by GM Stevenson
It didn’t take the jury long to decide whether Alex Salmond was guilty of rape, attempted rape, and the other sex crimes he was on trial for at Edinburgh High Court. Deliberations began last Friday, and on Monday Salmond was acquitted of all 13 charges.
Since then, there has been talk of a conspiracy against Salmond. But, in all the news reports and opinion pieces, one thing has been glaringly absent: any mention of Craig Murray, and his being removed from the courtroom the day before the trial ended.
Murray is a former British Ambassador to Uzbekistan, turned whistleblower and columnist. He is also a friend of Alex Salmond’s. While Murray is a fine journalist, he tends to embarrass himself when writing in defence of his friends. He covered Julian Assange’s recent extradition hearing, and his portrait of Assange was such cringe-inducing hagiography that anyone who had read Andrew O'Hagan's reporting on Assange’s incompetence, grandiosity and dishonesty would be inclined to question anything else Murray wrote.
It got worse when Murray wrote about Salmond’s trial. In his fervour to praise Salmond’s record as First Minister, and trash Nicola Sturgeon’s, he praised Huawei, and, without offering evidence, cast doubt on Russia’s poisoning a former spy and his daughter in the UK.
But he wrote respectfully about the judge, Lady Dorrian, and had to admit his friend was getting a fair trial.
And then, the day before the trial ended, police removed Murray from the courtroom and told him he was banned for the duration of the trial. The prosecution had asked the judge to remove him because of a “possible contempt of court.” No further explanation was given.
To be excluded from a public trial on the basis of something I have “possibly” done, when nobody will even specify what it is I have “possibly” done, seems to me a very strange proceeding. I can only assume that it is something I have written on this blog as there has been no incident or disturbance of any kind inside the courtroom. But if the judge is genuinely concerned that something I have written is so wrong as to necessitate my exclusion, you would expect there would be a real desire for the court to ask me to amend or remove that wrong thing. But as nobody will even tell me what that wrong thing might “possibly” be, it seems only reasonable to conclude that they are not genuinely concerned, in a legal sense, about something I have written.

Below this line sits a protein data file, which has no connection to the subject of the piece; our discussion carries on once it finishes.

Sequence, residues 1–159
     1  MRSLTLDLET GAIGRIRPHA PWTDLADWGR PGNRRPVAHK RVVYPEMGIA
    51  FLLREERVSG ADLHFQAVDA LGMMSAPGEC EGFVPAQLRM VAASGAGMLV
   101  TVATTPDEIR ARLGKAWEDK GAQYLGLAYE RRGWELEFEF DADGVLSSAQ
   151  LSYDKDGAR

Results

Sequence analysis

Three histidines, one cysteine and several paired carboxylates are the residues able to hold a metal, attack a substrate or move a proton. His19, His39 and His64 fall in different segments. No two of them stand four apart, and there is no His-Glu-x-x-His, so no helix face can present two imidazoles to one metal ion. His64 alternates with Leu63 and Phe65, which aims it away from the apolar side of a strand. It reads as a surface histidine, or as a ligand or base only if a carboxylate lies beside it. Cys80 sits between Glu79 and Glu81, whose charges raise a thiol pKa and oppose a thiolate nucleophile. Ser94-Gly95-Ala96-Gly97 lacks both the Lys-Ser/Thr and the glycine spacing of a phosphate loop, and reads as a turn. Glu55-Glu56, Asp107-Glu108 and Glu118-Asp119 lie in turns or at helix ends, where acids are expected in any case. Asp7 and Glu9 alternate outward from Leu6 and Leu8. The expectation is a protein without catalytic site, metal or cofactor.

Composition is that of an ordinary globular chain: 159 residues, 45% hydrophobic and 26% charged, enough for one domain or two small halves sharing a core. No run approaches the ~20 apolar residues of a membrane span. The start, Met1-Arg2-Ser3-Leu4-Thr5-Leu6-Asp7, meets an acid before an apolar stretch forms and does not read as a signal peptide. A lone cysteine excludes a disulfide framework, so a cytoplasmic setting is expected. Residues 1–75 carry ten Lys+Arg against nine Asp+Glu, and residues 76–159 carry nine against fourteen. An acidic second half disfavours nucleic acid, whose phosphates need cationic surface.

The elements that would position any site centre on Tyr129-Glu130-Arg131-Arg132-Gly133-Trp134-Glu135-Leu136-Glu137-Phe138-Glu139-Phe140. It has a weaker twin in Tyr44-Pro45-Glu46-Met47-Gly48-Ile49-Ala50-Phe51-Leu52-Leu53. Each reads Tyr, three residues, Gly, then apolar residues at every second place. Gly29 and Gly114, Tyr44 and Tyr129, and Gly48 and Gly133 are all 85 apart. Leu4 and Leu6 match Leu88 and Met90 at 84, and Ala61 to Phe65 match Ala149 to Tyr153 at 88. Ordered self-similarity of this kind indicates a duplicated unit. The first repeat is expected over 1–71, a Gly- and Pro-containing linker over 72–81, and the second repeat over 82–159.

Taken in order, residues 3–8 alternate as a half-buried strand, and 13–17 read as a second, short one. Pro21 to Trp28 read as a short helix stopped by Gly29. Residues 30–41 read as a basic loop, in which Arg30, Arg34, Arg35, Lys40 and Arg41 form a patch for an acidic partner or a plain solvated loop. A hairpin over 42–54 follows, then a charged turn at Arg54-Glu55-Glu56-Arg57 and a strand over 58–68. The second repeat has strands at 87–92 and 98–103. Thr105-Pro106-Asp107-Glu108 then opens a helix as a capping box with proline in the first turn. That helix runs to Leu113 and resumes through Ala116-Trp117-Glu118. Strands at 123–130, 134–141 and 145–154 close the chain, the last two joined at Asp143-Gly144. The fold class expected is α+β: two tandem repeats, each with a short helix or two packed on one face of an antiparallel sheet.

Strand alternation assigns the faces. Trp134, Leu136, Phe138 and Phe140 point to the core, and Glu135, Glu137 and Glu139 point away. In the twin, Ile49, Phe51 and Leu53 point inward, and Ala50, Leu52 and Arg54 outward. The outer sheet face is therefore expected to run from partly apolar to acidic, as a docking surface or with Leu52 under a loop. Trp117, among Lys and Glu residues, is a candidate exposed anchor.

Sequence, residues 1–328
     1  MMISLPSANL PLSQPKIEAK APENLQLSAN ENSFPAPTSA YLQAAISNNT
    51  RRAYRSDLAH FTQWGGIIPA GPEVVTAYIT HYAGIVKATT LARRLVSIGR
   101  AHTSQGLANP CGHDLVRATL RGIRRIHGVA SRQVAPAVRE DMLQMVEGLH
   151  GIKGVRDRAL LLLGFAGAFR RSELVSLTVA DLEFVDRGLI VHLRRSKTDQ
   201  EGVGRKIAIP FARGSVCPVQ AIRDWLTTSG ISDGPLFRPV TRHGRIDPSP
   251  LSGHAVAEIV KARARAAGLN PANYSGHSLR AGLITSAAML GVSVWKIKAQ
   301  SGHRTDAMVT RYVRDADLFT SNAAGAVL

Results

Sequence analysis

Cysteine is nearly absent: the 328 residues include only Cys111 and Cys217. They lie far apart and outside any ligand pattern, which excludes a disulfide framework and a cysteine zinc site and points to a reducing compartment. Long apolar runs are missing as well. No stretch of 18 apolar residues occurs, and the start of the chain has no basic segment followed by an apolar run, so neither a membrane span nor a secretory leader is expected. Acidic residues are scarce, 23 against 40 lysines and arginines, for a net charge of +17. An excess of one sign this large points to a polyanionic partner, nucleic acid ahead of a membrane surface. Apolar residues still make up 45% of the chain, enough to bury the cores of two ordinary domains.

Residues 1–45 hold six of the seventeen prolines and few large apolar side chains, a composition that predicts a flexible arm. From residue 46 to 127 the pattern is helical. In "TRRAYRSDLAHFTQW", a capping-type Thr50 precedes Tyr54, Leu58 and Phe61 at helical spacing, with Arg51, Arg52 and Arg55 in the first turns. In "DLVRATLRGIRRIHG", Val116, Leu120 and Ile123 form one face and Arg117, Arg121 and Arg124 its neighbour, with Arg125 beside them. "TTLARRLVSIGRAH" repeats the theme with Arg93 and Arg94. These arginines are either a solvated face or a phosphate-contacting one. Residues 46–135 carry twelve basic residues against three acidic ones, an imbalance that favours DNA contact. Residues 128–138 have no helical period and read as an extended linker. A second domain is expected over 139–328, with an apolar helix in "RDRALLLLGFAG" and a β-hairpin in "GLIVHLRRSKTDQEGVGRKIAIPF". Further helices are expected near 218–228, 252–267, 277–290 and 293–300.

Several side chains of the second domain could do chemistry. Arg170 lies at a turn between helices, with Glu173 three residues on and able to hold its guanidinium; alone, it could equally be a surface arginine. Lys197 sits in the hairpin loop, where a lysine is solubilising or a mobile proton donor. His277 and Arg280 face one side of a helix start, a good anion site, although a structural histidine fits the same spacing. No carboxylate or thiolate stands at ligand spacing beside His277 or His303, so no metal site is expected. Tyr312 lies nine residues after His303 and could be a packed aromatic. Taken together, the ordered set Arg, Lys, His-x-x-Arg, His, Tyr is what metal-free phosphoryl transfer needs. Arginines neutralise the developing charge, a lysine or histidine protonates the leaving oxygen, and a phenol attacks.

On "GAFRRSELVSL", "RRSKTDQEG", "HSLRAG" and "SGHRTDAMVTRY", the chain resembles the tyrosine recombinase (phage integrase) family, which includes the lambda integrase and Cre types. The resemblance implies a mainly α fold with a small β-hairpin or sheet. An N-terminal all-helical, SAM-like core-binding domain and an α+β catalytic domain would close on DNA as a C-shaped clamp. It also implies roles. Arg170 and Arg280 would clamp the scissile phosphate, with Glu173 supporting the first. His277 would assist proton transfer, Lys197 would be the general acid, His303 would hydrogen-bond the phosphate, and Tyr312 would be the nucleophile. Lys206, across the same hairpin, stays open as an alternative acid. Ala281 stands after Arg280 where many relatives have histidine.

It was clear from the start that someone wanted to keep Murray out of the courtroom. First, it was announced that only “accredited media” (i.e. corporate and state media) would be allowed in — no independent or “citizen” journalists. Even though Murray’s blog has a bigger readership than some newspapers, and he has been praised by such journalists as John Pilger and Guardian editor Alan Rusbridger, this criteria excluded him. When the prosecution had finished making its case and it was time for the defence to begin, the public gallery was opened, and Murray sat there.
Until the police came for him.
Sources say Murray was so depressed by his banning — and the threat of a charge of contempt of court, which can get you two years in prison — that, during the weekend Salmond spent waiting to find out his fate, he was so worried about Murray that he called him to see if he was all right.
When the verdicts came in, Murray was so happy he got too drunk to write about it in any depth. So… not an impartial reporter, and not pretending to be. But, whether you think he’s a truth-teller, a friend blinded by loyalty, or a conspiracy theorist, why has there been nothing about his banning in any mainstream media? Both The Herald and The National have given copious space to theories that there was an SNP conspiracy against Salmond, but Murray’s existence hasn’t been acknowledged.
It’s enough to make you wonder if there’s a conspiracy.
Also posted on Notes From the Northern Colony.
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